Factory Stories: Decoding “Short-Term Work”

by Wang Xiaolin (Factory Stories #3, May 2012)

Xiaowang comes from Hunan province and works as a supervisor in a toy factory. He often tells the workers: “Changing the factory is just like jumping from a wolf’s den into a tiger’s lair!” However, he is the king of job hoppers himself. As an 18 year old he finished upper middle school and left [home] to find a job. In the twelve years since then, he has already worked in more than twenty factories. Of course, not everyone has been that lucky. Many have worked for ten years and more—continuously changing jobs—but have remained ordinary workers until today. Xiaowang, however, made his way up from being an ordinary worker to becoming a supervisor, and nowadays his biggest concern is that the employee turnover is too high. He asked the human resources department to comply with the following criteria when hiring staff: no young men born in the 1990s or after because they cannot bear hardships; no rather old women because their limbs are not flexible enough. But while the factory is pickywhen choosing workers, the workers are picking factories, too. Basically, all new workers in Xiaowang’s department leave the job after just one week.

At the beginning of this year, when the media pushed reports about the “labor shortage”, it kept exaggerating the problem of “short-term work”. The term “short-term work” first appeared on several websites and in a research report from the Department of Sociology at Qinghua University [in Beijing]. They believe that “‘short-term work’ points to the phenomenon of short work cycles and frequent job changes of migrant workers—especially the new generation—in the past few years.” As a result, every big media outlet was eager to comment on “short-term work”. Some claimed that “(workers) shortsightedly impede their own development”, and some—worrying about the country and its people—said that it “undermines the migrant workers’ right to secure employment, harms their individual development, is detrimental to the progress and development of industrial production and puts social stability at risk.” In that way, “short-term work” appears as a new plaything, but what impact does it have on the division between workers and companies?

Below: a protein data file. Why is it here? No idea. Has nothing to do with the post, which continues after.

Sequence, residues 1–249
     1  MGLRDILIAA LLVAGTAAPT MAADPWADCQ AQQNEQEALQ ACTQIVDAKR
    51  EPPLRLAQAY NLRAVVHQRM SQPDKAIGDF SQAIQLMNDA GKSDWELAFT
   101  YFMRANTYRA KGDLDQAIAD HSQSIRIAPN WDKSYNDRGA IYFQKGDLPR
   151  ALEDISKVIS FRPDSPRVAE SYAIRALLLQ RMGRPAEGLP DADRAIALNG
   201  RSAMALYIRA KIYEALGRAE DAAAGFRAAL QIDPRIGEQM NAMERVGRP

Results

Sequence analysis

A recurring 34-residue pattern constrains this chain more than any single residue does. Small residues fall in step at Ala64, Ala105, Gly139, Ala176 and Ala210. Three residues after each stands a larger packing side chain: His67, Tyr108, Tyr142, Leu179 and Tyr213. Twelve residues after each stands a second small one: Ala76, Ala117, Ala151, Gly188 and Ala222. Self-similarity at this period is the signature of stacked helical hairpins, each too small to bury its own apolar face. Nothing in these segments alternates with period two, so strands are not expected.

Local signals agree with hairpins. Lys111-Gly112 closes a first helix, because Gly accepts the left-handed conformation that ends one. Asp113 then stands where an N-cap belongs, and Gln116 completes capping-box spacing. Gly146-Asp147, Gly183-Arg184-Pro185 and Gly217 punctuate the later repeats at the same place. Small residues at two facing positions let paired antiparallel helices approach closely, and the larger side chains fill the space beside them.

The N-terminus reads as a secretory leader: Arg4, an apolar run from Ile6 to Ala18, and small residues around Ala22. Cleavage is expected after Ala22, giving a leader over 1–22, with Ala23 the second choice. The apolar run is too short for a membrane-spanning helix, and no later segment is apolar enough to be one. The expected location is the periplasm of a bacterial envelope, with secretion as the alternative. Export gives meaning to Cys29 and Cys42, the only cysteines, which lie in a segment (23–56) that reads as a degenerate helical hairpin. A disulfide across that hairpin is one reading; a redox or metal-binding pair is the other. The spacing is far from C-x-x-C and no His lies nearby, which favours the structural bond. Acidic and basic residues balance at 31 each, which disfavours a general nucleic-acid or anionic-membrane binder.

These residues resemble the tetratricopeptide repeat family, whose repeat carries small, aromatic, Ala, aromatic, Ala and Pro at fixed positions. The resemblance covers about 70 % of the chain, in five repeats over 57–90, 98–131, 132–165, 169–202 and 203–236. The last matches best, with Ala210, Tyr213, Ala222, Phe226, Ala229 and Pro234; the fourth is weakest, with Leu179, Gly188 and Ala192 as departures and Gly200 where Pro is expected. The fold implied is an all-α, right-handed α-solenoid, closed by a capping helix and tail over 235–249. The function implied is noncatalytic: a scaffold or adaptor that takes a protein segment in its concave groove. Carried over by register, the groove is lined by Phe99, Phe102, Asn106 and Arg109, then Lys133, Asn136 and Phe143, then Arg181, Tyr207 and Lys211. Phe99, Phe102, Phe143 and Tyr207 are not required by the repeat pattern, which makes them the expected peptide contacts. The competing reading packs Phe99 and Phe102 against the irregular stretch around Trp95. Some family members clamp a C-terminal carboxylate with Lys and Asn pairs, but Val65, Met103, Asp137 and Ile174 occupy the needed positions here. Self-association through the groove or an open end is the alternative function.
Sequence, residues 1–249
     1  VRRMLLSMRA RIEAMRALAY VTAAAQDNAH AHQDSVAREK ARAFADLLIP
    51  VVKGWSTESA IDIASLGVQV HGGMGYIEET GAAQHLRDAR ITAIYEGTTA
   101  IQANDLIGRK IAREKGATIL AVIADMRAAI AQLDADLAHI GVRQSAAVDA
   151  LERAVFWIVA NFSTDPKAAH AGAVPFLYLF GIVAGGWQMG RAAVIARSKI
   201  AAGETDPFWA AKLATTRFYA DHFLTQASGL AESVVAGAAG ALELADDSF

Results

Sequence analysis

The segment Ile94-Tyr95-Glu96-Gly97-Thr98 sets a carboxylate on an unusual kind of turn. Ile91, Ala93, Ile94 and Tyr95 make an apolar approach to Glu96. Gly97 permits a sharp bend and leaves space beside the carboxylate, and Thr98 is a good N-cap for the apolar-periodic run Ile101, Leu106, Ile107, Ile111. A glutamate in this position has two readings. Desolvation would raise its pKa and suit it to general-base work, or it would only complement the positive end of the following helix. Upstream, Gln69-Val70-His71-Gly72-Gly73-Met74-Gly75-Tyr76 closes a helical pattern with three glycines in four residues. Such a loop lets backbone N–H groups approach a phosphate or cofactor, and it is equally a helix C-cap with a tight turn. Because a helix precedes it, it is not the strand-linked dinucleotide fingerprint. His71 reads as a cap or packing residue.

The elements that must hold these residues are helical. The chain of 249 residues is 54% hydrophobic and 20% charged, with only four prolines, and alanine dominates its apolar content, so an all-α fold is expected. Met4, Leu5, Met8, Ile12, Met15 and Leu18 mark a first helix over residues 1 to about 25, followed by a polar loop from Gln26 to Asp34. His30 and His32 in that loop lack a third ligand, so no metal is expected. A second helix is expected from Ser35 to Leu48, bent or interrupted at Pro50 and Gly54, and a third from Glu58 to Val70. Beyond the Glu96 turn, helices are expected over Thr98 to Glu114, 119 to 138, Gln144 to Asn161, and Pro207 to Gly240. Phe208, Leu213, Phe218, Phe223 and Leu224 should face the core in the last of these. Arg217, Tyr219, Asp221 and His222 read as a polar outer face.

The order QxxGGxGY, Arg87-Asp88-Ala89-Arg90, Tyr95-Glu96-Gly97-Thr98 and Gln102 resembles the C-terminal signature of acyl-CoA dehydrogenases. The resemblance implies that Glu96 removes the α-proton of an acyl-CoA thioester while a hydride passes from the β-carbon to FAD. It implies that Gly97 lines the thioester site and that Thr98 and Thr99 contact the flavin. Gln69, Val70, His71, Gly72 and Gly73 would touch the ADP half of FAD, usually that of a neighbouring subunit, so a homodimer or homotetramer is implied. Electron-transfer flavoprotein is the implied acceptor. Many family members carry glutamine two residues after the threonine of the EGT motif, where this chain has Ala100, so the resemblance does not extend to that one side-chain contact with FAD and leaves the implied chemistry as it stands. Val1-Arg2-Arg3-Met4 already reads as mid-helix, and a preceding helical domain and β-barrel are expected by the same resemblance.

Indeed, in these years following economic development and industrial expansion, it has been increasingly easy for workers to find employment. They have found it unbearable to stay in companies with low wages and bad working conditions, and they don’t want to work in the same factory for a long time. Why is it that way?

Everyone who has a bit of experience as a migrant worker knows that workers change jobs just for a few reasons: some do this because the wage is too low, and they hop to a new job hoping to change their situation; for some the job itself is tedious, and they want to change the environment; a small part might also see a better job opportunity and, therefore, changes jobs.